I swam.  Like really really really swam in the XL.  Luckily I had grabbed a L just in case.  Nope, I swam in those too.  Well crap.  This is going to be more challenging than I thought.  Bella’s Mom was more than happy to fetch smaller sizes off of the rack. By the time all was said and done I had dropped 2 full suit sizes and down to a medium in tops.  What the biscuit??  When did this happen?  HOW did this happen??

Bella’s Mom smugly said; “You do realize that every 10 pounds you loose is a full dress size, right?”  Um, yeah, sure I knew that…..

The perils of weight loss is that everything starts to get to be too big.  Bras, underpants, workout clothes, and even my favorite stockings. Being a girl is NOT cheap.  As I tried on these smaller clothes I began to realize just how much my body shape has changed.  Between the running, spin, and torturous wonderful barre sessions I guess I really have changed.  Yes, I stand on the scale and take my measurements every week, but listing it on a sheet of paper doesn’t make it truly real.

I walked out of the store that day with a bunch of dresses and one new suit.  I figure this way as I continue to loose weight through the summer the dresses will hide the swimming a little bit better.  When I got home I started weeding through my closet and drawers pulling out anything truly TOO big.  The pile is getting rather large.  pile of clothesI just bought a shirt at Shamrock that may have to go into the pile soon because when I wore it yesterday it was more like a dress than a shirt. Notice the bag in the right corner?  Those are pj’s I got for Christmas that I can’t wear because they are already too big (and non-returnable).  Luckily, all of this stuff has a good home with several of my friends who have placed dibs on it.

This week I hit another milestone.  A former friend of mine had purchased a pink and orange Tommy Hilfiger polo shirt for me a couple of years ago.  It’s been hanging in my closet with the tags still on it because it had been too small.  Yesterday, I tried it on and it fit perfectly.  Of course I wore it to work!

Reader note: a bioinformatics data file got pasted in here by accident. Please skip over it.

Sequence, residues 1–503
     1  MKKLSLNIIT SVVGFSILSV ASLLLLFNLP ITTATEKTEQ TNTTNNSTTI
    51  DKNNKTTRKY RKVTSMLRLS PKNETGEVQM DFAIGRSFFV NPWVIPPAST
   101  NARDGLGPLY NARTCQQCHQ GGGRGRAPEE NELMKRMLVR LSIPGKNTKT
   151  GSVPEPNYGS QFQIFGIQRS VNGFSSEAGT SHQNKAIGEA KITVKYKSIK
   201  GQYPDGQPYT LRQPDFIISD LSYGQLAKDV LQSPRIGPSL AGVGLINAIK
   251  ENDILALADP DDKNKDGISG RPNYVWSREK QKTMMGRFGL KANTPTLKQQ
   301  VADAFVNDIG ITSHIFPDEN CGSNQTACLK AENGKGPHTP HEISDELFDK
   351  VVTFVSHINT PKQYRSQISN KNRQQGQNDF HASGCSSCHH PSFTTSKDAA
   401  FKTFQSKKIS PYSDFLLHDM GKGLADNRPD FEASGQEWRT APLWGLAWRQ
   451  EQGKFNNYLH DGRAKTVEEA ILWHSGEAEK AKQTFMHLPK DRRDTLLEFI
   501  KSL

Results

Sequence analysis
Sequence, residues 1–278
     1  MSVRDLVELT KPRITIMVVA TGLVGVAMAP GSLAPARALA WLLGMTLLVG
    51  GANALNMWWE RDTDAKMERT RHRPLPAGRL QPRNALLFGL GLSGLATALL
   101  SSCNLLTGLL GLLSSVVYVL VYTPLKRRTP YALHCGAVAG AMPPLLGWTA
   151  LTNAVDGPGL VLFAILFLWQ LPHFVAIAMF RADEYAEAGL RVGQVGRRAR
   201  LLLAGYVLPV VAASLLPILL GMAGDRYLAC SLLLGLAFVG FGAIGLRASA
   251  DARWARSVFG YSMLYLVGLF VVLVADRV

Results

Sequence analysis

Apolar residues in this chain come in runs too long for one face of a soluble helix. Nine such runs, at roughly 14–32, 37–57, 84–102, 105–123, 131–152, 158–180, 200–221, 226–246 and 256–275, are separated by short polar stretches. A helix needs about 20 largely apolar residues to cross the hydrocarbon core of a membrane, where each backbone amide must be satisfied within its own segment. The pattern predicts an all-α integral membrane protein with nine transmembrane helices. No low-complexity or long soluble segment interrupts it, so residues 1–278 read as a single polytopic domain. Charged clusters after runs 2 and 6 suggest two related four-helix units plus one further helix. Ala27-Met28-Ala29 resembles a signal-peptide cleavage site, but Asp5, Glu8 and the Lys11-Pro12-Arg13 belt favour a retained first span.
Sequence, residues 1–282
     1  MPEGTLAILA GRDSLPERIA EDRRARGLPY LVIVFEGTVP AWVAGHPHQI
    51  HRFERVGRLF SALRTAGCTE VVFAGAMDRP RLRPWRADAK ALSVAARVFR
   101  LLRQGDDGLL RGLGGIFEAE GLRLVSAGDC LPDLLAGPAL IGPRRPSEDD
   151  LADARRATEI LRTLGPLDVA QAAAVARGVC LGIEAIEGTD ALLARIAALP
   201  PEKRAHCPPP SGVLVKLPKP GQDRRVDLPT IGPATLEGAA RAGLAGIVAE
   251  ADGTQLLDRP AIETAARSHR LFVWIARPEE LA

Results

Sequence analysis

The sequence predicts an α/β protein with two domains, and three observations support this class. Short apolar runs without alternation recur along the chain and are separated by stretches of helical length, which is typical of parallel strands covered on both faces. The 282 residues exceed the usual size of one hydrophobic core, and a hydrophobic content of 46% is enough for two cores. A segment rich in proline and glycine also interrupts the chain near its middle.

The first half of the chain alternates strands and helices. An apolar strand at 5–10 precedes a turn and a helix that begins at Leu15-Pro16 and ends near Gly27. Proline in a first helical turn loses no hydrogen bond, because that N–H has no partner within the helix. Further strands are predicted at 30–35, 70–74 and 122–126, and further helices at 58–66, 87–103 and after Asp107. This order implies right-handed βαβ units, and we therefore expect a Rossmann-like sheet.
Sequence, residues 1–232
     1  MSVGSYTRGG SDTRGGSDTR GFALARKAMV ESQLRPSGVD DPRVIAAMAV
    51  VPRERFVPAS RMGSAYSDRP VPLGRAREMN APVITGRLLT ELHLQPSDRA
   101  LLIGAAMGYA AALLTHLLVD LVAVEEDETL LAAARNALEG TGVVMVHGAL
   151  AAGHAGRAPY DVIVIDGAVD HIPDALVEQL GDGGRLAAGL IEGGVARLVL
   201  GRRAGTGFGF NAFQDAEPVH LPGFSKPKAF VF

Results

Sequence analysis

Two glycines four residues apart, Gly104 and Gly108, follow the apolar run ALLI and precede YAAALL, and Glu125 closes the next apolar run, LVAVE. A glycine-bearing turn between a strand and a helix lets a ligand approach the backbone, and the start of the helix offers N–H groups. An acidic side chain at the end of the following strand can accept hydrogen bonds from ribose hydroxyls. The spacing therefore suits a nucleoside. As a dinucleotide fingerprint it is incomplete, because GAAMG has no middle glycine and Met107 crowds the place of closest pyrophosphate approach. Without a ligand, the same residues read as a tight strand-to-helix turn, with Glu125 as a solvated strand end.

While the cost of replacing all of these clothes isn’t going to be cheap.  Nor is the work that I am putting into getting this smaller self easy.  It is all worth it, though.  I just keep telling myself that every time I hear the “ca-ching” of the register and my wallet weeps.

Hills, hills, and holy HILLS

Before I ran Shamrock I was scheduled to run several EX2 Adventures 10 mile races.  Unfortunately, Mother Nature decided to not cooperate and they were rescheduled.  Honestly, if I had run today’s 10 mile race before Shamrock I think I would have had a completely different race and more definitely not in a good way.  If I had run this prior to Shamrock I might have even completely rethought Shamrock.

Fountainhead kayakThis morning I headed to Fountain Head Regional Park a park which I had been to before last spring when Perry and I went kayaking.  I knew that the park was EXTREMELY hilly considering that the road down to the kayak area is, well, almost straight down.  I also knew that this run was going to be tough in another way.  It was a loop run.  This means that the 5 mile runners do the loop once and the 10 mile runners do the loop twice.  Ah, temptation right in front of me on Holy Saturday; how freaking appropriate. It had also rained a couple of times during the last week so the trails also had the added benefit of being a little sloppy.

IMG_5850If I have learned anything over time it is pacing.  Unfortunately, with a trail race like this pacing gets thrown completely out of the window somewhere after the hills start.  It became all about just finishing. Up one hill and down another.  Rinse and repeat.  I’d like to say that the downs were more pleasant than the ups, but honestly, after a while all you really want is a little bit of flat ground so that you glutes stop burning.

The nice part about the first time through was that there was a really nice lady in front of me who I was shadowing.  I knew what was coming up on course because she went through it about a minute before I did.  Plus, it was nice having company.  Then there came the point on course that I knew was going to come.  A very lovely gentleman was standing with a bright orange signal flag.

“5 miler or 10?” He inquired.

For a split second my body screamed WOMAN SAY FIVE!!!!  My mind immediately told my body to shut up.  See, I had already told Saint Mary the nutritionist that I was running this race and we had already budget the calories for this race, all 10 miles of it.

“10!” I shouted back.

He waved me to the left for me to start my second loop bypassing the finish chute.  My body waved meekly at it as I went by.